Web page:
PROGRESS IN IRAQ….I was channel surfing earlier this evening and caught a few seconds of Carl Levin on the News Hour complaining that there’s still only one Iraqi combat battalion capable of fighting on its own. Yeah, that kind of sucks, I thought.
The number of Iraqi army battalions that can fight insurgents without U.S. and coalition help has dropped from three to one, top U.S. generals told Congress yesterday, adding that the security situation in Iraq is too uncertain to predict large-scale American troop withdrawals anytime soon.
Gen. George W. Casey Jr., who oversees U.S. forces in Iraq, said there are fewer Iraqi battalions at “Level 1” readiness than there were a few months ago….
Now, Casey can claim until his face turns blue that things in Iraq are getting better, but if this is where we’re at after two years of Iraqi troop training, then his definition of “better” is a far, far different one than mine.
At the risk of sounding like a broken record, this is why we need firm goals and benchmarks for progress in Iraq. Casey says that “conditions-based reduction of coalition forces is a critical element of our strategy,” but that’s meaningless twaddle unless you’re willing to say what conditions you’re talking about. I say, let’s hear it. What are the conditions we need to meet in order to begin drawing down troops? This isn’t the dreaded timetable that everyone is so afraid will send the insurgency into a frenzy, it’s a simple statement of what we’re trying to accomplish in Iraq, something that the American public can hold the military accountable for.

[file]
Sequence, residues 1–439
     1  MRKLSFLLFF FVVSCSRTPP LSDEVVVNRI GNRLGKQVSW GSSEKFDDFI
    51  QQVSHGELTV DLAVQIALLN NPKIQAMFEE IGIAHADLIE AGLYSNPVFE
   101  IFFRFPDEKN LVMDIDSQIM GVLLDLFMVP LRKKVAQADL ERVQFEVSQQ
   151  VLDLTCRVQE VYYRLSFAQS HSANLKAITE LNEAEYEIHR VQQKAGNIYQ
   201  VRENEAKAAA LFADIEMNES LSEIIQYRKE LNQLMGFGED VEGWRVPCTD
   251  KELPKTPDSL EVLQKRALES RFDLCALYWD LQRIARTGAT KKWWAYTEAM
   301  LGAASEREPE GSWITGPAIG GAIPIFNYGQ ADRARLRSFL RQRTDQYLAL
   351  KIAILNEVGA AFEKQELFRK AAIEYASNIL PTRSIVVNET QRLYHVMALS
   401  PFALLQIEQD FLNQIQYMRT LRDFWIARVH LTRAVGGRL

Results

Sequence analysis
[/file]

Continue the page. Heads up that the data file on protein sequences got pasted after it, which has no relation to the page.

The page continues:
Let’s hear it.
POSTSCRIPT: If there were a Pollyanna decoration for military officers, Casey would have won one today:
Asked whether the insurgency has worsened, Casey said it has not expanded geographically or numerically, “to the extent we can know that.” But he noted that current “levels of violence are above norms,” exceeding 500 attacks a week. “I’ll tell you that levels of violence are a lagging indicator of success,” he added.
Violence is “above norms” but that doesn’t mean things are getting worse. In fact, violence is a “lagging indicator of success”! The more bombs, the better we’re doing!